New infrastructure in schools - which previously lacked adequate water supplies, sufficient toilets and had no menstrual hygiene facilities at all - complemented by school engagement on behaviour change has improved access to WASH at school for both students and staff. Teachers report a reduction in absenteeism among girls since the availability of menstrual hygiene facilities at schools.


“When I was in primary school at this school, we didn’t have clean water. We had to get clean water from the village. We only had two concrete water tanks at our school and looking back now, the water which was not safe for drinking water for children. I want to say thank you Habitat for helping us rebuild this school with the greatest gift - water.”

- Teacher, Naviti District school 


An inclusive community is an essential building block of climate resilience. Socially inclusive and cohesive communities are naturally more resilient, including to shocks from a changing climate, and they are more likely to have effective and sustainable water and WASH services and systems. 


The Strengthening community resilience and inclusion through improved WASH services in Fiji project was one of 20 Water for Women WASH projects to be delivered by civil society organisation partners in 15 countries in Asia and the Pacific from 2018-2022. Over the course of this first phase of the Fund, Water for Women supported more than 3.4 million people with improved access to inclusive WASH.


Some project highlights include:

  • delivery of COVID-19 pandemic support including prevention initiatives in communities and in schools
  • delivery of the Do No Harm pilot project and incorporation of Do No Harm principles and practices into project activities targeted at changing negative mindsets regarding gender and social inclusion, which has led to a paradigm shift in both men and women within the communities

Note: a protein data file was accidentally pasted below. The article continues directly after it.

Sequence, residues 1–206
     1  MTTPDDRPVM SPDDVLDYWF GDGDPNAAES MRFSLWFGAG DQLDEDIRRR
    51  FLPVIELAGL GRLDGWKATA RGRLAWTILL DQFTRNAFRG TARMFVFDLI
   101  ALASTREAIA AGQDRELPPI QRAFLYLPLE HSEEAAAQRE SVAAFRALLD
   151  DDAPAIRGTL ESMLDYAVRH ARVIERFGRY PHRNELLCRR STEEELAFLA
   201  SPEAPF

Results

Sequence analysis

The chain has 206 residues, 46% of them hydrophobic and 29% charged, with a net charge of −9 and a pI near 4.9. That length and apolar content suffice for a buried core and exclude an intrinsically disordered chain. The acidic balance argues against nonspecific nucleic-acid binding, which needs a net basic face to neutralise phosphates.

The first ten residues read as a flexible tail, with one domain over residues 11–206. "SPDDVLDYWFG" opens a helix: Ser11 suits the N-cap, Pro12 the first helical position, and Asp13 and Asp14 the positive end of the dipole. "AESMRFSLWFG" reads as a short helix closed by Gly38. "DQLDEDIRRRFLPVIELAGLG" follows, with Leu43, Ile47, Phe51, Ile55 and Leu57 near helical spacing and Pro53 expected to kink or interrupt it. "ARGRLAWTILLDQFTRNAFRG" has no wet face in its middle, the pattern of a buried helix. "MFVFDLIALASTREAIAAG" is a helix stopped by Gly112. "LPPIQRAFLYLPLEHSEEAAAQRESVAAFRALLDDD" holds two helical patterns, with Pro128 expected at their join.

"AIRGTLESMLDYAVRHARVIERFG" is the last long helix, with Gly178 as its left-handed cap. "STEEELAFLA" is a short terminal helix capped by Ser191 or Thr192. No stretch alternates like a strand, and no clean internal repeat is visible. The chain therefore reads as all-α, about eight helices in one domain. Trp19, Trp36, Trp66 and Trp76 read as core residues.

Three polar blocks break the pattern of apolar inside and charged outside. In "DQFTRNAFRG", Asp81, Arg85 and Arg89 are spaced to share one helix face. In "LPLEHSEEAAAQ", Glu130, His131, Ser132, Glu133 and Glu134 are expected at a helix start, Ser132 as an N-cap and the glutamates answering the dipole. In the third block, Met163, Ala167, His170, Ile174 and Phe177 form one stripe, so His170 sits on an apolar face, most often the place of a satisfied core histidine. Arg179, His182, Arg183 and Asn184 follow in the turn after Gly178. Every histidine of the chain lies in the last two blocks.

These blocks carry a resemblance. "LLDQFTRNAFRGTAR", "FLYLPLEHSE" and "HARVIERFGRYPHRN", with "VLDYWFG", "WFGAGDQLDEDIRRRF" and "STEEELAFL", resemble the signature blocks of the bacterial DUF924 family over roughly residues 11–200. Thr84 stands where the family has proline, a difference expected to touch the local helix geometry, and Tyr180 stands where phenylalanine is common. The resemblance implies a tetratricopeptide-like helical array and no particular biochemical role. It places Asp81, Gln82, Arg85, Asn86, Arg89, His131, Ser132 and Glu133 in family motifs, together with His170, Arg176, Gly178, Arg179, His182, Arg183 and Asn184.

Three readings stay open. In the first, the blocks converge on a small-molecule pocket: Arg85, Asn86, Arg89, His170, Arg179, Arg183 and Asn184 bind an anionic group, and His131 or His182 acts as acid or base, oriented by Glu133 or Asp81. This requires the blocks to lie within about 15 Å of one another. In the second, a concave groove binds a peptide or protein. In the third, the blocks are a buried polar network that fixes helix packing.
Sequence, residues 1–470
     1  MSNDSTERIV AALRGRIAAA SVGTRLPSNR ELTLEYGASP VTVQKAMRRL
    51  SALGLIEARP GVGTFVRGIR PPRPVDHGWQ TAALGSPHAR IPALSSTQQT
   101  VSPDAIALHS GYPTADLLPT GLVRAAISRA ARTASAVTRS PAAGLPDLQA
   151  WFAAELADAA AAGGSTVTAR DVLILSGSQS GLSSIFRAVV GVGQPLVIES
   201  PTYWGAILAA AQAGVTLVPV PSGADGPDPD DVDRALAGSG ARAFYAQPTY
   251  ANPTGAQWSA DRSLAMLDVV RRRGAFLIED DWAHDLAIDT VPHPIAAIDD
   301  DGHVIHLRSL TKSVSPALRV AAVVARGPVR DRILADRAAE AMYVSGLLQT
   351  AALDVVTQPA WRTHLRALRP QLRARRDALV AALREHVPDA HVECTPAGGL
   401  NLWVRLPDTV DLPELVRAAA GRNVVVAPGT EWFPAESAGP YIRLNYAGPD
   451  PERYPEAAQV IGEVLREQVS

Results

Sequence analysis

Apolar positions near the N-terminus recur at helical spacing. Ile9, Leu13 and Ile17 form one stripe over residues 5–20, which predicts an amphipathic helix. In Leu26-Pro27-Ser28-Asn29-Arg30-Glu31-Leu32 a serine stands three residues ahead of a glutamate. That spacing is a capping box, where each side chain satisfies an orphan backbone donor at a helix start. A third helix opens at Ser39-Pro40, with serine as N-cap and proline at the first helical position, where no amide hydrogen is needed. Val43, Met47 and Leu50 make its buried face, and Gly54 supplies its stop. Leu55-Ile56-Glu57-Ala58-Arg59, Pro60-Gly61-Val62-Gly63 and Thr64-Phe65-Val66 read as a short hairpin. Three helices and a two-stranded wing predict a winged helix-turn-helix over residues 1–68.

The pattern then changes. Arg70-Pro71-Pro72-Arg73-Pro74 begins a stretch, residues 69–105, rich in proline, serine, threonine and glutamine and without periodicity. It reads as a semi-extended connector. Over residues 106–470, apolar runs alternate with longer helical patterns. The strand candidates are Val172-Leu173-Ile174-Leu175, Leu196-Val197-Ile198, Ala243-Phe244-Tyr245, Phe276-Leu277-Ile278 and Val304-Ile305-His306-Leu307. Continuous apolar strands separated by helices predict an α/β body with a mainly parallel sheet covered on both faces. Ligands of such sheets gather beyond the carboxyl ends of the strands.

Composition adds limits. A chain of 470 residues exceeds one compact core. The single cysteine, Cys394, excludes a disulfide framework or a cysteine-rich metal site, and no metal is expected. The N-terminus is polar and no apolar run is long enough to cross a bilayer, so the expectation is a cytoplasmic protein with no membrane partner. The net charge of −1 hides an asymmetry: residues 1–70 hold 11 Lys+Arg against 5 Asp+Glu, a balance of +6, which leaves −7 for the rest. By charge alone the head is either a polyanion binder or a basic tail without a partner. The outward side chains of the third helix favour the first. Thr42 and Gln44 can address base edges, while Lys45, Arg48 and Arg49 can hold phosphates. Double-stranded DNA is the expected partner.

• delivery of handwashing behaviour change initiatives and training on water treatment through solar distillation, with communities reporting no new cases of diarrhea or typhoid since participation.

A climate-resilient future needs #WomenUpstream

Women are at the forefront of change - Recognising and valuing the critical contributions of women, including Indigenous women, as decision-makers, stakeholders, farmers, educators, carers and experts across sectors and at all levels is key to a climate-resilient future. Recognition and meaningful action on this front is a “game-changer” and the key to successful and sustainable solutions to climate change and achieving SDG6.

Climate change will escalate risks and exacerbate impacts, particularly on vulnerable populations. Inclusive and equitable water and WASH are critical connectors for community resilience, equipping communities to adapt and respond to increasing climate hazards.

On World Water Day we call for diverse perspectives at the decision-making table to strengthen prospects for more holistic and sustainable solutions to climate related issues at all levels – from global to local.